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I completely agree with veen. I would add that certain people have the capacity for such a need and certain others do not. And frankly I think really this challenges the idea that spirituality is innate to us. In reality it could be that spirituality might have more to do with cultural influence or upbringing rather than inherently being part of human nature. That is simply my guess of course- but it would account for the sometimes stark differences that we can see between different people.
For a major part of my life I identified as Roman Catholic, but I have since deconverted and now consider myself a Secular Humanist. I believe that any viewpoint should be scrutinized and considered and not simply taken on faith. I also reject supernatural beliefs because I currently have not found any convincing evidence to support them. Having grown to become somewhat of a skeptic over the years, I feel a bit uncomfortable (and perhaps pedantic) using terms like "supernatural" or "non-physical" because they don't make much logical sense to me (e.g., How exactly can a person conceive the non-physical when the physical is the only thing that has been a part of his experience?). Similarly, I get somewhat frustrated by the term "spirituality" because so many people use it in different ways- it's extremely subjective. But I think I can try to take a shot at what I think differs religion from what I consider spirituality.
From what I gather, the meaning of the term has really shifted over time. Traditionally the term used to have a much more pious connotation than it does today; more modern conceptions of the term tend to omit any specific theological reference. I believe that this definition change is reflective of a growing understanding that there are many paths to the spiritual experience. Personally, I do not think the spiritual experience has to refer to anything necessarily supernatural. Rather, I think the term really refers to the way individuals seek and express meaning and purpose in life. It also relates to the way an individual can seek connection to something they consider meaningful (often more important than themselves). Perhaps what separates each spiritual experience is how it is directed- whether it is to the self, this moment in time, to others, to nature or to the sacred. By this standard, I would say the spiritual experience is a fundamental part of the human experience. It can definitely be attributed to a particular religion, but it is ultimately not necessary. Much like what was said in the video, religion is a more organized and related set of beliefs and practices . The spiritual, on the other hand, is what can be experienced by any individual.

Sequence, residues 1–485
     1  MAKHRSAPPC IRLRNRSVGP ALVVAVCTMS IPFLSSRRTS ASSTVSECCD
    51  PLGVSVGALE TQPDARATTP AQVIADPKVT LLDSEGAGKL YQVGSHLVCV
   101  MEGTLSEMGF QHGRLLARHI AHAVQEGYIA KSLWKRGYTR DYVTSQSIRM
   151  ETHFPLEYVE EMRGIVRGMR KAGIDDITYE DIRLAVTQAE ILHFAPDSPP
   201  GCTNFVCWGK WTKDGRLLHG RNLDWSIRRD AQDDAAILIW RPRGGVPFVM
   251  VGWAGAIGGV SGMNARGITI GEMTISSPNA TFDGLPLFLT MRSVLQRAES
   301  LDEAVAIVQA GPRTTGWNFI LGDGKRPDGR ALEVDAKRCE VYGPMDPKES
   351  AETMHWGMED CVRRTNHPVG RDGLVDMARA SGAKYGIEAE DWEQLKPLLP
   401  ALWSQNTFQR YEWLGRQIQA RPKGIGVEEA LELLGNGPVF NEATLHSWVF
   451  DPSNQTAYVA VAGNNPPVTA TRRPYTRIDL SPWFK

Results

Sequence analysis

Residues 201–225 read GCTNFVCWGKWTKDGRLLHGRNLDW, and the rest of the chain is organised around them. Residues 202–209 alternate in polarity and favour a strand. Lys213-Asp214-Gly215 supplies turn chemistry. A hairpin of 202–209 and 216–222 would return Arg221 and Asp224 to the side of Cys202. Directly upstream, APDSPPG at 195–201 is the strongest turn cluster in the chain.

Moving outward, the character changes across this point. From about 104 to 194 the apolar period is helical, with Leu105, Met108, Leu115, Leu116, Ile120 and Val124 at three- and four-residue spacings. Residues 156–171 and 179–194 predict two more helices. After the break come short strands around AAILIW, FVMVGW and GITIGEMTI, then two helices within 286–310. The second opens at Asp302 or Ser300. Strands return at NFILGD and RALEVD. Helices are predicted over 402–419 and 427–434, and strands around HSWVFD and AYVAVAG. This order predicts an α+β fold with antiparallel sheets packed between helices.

As a gay man, I feel as though that any kind of person coming out is a step in the right direction. Although I agree with the commenter in many ways, I do think that as more different kinds of gay people come out- the more mundane "being gay" will be seen in greater society. It will give the sense that gay people come in many forms: rich, famous, successful, poor, etc. In the future, we may even reach a point where people think you are just mentioning it for attention.
We obviously aren't there yet, though. And I think this is where the frustration for some of us comes from. I identify as gay cis male- and I'm openly out to my friends and family. But "coming out" is not a process that ends the first time you do it. You have to eventually come out to every one you (at least) associate closely with. Now, nobody is by any means obligated to reveal their sexuality in the workplace. But straight people have nothing to lose when they mention their partner in casual conversation. Gay people might have to lie, give the runaround or be honest and ready to deal with the potential consequences.
Ultimately that is part of the problem. As a 21 year old who is just starting out in the workforce, I can't afford to come out to my boss or coworkers. I don't have the luxury of affirming my sexuality in the work environment- because discrimination against gays is still very much a relevant issue (whether it is overt or not). There is no doubt in my mind that had Tim Cook come out earlier in life, he most likely would not be in the same position that he is in today. He has the ability to say he is proudly gay because it doesn't matter at this point- he's the fucking CEO of Apple. He's untouchable. He's got nothing to lose- unlike myself. I'll have to wait until I reach a certain age or status where I know I can comfortably be out at work. It is for this reason that I respect someone less privileged being out at work more. They don't have the so-called safety net that Tim Cook has.